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Pill-Swallowing Training in Very Young Children With Cancer

A case series and developmental considerations.

Key points

  • Children with cancer can benefit from learning to swallow pills, regardless of their age.
  • There isn’t a clear, empirically supported study showing the benefits of pill-swallowing training for patients under six.
  • A case series employing pill swallowing training showed improvements in children's treatment, quality of life, and parent-child relationships.

Children with cancer are often required to take different types of medication. Some clinical trials demand that patients be able to swallow pills. Other treatment plans may require the management of multiple medications.

In these cases, patients can benefit from learning to swallow pills, regardless of their age.

The problem? There isn’t a clear, empirically supported study showing the benefits of pill-swallowing training (PST) for patients under the age of six. Pill-swallowing training (PST) is a behavioral intervention, typically delivered by psychologists or child life specialists, that teaches children the art of swallowing pills.

We have developed deep expertise in this behavioral intervention at St. Jude Children’s Research Hospital, where children are treated for catastrophic diseases. I’d like to share with you some of the lessons learned.

My St. Jude colleagues Jennifer Harman, Amy Scott, and Niki Jurbergs have published a case series where they employed pill-swallowing training in children under the age of six.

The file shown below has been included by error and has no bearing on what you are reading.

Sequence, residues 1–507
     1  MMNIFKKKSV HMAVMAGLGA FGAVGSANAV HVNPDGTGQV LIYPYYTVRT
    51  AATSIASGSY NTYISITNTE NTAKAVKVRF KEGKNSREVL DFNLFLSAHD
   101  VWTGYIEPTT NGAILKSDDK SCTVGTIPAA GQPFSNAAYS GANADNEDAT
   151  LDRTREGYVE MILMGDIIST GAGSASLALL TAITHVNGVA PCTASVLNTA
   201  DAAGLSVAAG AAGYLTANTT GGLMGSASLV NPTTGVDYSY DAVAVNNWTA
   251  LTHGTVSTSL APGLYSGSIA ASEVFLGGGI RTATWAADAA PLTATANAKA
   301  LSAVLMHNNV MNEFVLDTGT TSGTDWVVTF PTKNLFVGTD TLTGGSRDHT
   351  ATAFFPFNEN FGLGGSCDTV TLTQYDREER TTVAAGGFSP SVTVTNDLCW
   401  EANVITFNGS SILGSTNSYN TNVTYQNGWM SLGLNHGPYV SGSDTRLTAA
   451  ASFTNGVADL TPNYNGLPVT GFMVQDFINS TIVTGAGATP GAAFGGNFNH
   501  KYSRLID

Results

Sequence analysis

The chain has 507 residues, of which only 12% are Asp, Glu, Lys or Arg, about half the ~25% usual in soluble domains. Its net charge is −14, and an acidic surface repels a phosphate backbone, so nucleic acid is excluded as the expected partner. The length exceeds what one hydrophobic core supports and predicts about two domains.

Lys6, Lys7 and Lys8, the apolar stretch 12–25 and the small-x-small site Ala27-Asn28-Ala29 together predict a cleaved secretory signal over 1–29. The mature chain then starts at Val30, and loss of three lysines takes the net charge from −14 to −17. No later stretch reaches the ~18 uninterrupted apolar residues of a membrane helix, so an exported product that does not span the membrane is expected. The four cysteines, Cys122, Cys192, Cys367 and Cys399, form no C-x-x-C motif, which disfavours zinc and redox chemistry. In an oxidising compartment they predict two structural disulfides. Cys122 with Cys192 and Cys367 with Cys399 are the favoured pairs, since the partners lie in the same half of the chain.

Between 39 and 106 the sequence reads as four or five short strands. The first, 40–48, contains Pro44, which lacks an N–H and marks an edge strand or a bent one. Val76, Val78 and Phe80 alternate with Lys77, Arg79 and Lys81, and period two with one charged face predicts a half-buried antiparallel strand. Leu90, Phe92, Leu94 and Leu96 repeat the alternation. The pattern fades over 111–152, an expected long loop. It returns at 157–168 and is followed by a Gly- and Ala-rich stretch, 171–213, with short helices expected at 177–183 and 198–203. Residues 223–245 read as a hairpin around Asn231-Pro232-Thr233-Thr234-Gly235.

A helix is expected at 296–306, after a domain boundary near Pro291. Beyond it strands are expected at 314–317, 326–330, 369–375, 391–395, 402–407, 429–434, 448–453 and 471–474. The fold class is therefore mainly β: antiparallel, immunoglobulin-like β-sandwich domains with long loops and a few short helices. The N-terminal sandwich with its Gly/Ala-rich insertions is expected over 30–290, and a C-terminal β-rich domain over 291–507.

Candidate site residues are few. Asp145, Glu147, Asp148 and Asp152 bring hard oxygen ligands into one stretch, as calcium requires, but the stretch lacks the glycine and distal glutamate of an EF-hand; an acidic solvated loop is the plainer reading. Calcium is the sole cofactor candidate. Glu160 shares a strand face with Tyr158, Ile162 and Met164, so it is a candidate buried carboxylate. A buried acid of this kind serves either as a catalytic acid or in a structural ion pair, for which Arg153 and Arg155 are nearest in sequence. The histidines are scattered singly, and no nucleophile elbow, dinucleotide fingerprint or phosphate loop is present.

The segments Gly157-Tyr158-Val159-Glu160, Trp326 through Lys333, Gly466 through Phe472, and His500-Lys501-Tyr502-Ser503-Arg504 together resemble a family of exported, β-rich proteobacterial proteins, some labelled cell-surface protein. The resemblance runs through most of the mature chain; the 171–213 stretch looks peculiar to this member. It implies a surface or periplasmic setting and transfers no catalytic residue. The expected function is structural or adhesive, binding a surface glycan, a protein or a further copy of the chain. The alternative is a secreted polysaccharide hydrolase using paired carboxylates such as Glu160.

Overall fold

“We know pill swallowing training and interventions are empirically supported for kids over the age of six, and we know it works with them,” says Dr. Harman, an Associate Member of the St. Jude Faculty and Assistant Clinic Director in the Department of Psychology. “We also know how to take a developmental lens and tailor things for the early childhood brain.”

When working with childhood cancer patients, my colleagues improved families’ experiences with disease and treatment. They identified the unique challenges children faced. Then, they explored and tailored solutions to meet the patient's individual needs.

Interventions included:

  • Novel modifications, such as using picture representations
  • Positional interventions, like using flexible straws and holding a cup of water upward to help patients be properly positioned to take their medicine
  • Relaxation training for anxiety
  • Behavior management

Patients were rewarded for both effort and success after each intervention. This case series showed that young children with cancer could learn to swallow pills successfully, even when emotional, behavioral, and developmental difficulties are present.

“We have allowed children to have access to the treatment they wouldn’t otherwise have had access to,” said Dr. Jurbergs, an Associate Member of the St. Jude Faculty and Clinic Director in the Department of Psychology. “We have given families agency in making medical decisions for their children. We've helped to give them at least options to make sure they are able to choose what is best for their children by offering these interventions.”

Parents noticed improvements in their children’s treatment, quality of life, and parent-child relationships.

Pill-swallowing training is just one example of a safe intervention for young children. The case series reminds us of the importance of being flexible. Providers should continuously think about new ways of introducing helpful interventions.

“It gave concrete information for other clinicians,” Harman explained. “If you work with them, then you can probably teach them.”

We at St. Jude hope that by sharing the learnings from these cases, and the successful outcomes of this case series, other providers can help children take their medicine.

References

https://journals.sagepub.com/doi/abs/10.1177/1043454220958636?journalCode=jpob

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